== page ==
Toward development of a tinnitus magnitude index

Caroline J. Schmidt, Robert D. Kerns, Susan Griest, Sarah M. Theodoroff, Robert H. Pietrzak, James A. Henry

Research output: Contribution to journalArticlepeer-review

17 Scopus citations


OBJECTIVES: The aim of the study was to provide preliminary evidence of a unique "tinnitus magnitude" domain describing intensity of tinnitus perception that will assist in the development of a cognitive-behavioral mediation model of psychological distress associated with tinnitus. DESIGN: A sample of 347 participants with tinnitus was previously recruited from four audiology clinics for the purpose of developing a tinnitus distress measure, the Tinnitus Functional Index (TFI). From the questions used for TFI development, potential tinnitus magnitude items were selected by including those that minimally overlapped with tinnitus reactions. The three items having the least overlap were analyzed retrospectively to assess internal consistency, test-retest reliability, group differences using demographics and tinnitus-relevant descriptive variables, and discriminant validity. The three-item scale was developed in an effort to establish a model for prospective development of a Tinnitus Magnitude Index (TMI) that would assess the magnitude of tinnitus variables independent of reactions to tinnitus. RESULTS: Internal consistency (α = 0.86) and repeated measures tests (r = 0.74, df = 29, p < 0.001) indicate the three-item scale is reliable. Discriminant validity was supported by only moderate correlations (r ≥ 0.30 and r ≤ 0.69) of the scale with the Tinnitus Handicap Inventory (r = 0.62), the Beck Depression Inventory for Primary Care (r = 0.38), and the seven independent domains of tinnitus reactions measured using subscales of the TFI (r = 0.49 to 0.72). Correlations between the scale and two tinnitus reactions (distress) subscales were high (r > 0.70) as compared with moderate correlations. CONCLUSIONS: This study involved a retrospective analysis of data from questions that were originally evaluated for use in a tinnitus outcome questionnaire. The analysis was conducted to establish a model for prospective development of a TMI. Results of this analysis suggest that a TMI can be developed that would provide a reliable and valid measure of tinnitus magnitude that overlaps minimally in content with measures of cognitive, behavioral, and emotional tinnitus reactions. A fully validated TMI would provide a measure of tinnitus magnitude that is not confounded by emotional reactions to tinnitus or general depressive symptoms and would be useful in developing a testable model of psychological distress due to tinnitus. Although the primary goal is to develop a measure of tinnitus magnitude that predicts cognitive, behavioral, and emotional reactions to tinnitus, a TMI may also have utility in assessing this construct in clinical settings.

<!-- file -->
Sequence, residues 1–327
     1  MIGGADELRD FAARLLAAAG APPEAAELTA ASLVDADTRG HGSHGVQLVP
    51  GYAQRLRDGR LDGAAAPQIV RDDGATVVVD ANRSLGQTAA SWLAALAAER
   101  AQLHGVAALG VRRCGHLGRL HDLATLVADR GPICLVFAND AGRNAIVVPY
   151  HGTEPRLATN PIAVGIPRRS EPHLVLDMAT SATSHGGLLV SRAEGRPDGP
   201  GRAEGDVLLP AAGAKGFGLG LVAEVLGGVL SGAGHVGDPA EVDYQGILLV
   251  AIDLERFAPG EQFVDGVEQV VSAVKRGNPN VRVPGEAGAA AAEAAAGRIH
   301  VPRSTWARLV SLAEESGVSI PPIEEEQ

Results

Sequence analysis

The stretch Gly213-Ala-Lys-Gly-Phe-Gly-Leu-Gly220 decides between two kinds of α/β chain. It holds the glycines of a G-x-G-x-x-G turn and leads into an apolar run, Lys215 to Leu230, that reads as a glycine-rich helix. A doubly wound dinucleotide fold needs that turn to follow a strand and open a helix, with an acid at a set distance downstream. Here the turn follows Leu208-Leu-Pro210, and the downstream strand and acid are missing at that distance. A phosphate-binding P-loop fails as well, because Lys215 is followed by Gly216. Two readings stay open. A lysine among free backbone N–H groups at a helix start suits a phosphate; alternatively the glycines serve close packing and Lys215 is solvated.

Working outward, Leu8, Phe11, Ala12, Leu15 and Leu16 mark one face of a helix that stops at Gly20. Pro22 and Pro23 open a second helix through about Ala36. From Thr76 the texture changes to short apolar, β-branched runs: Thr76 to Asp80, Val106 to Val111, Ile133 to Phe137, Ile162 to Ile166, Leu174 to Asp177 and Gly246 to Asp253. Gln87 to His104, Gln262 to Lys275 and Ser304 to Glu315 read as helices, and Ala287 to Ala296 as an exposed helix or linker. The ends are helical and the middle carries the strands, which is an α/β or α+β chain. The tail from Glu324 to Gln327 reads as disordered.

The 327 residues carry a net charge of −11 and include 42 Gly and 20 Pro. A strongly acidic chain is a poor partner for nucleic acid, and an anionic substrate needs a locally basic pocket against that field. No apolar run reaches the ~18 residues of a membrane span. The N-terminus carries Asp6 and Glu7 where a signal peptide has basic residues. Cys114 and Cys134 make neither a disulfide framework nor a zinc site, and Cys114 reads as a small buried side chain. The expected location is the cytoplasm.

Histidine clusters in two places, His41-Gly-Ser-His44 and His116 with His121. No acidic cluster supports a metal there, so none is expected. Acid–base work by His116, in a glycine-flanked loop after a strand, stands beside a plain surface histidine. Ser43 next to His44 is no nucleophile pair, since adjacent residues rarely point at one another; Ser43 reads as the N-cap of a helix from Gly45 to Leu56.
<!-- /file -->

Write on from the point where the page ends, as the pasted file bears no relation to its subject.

Original languageEnglish (US)
Pages (from-to)476-484
Number of pages9
JournalEar and hearing
Issue number4
StatePublished - Jan 1 2014


  • Hearing disorders
  • Perception
  • Questionnaire design
  • Tinnitus

ASJC Scopus subject areas

  • Otorhinolaryngology
  • Speech and Hearing


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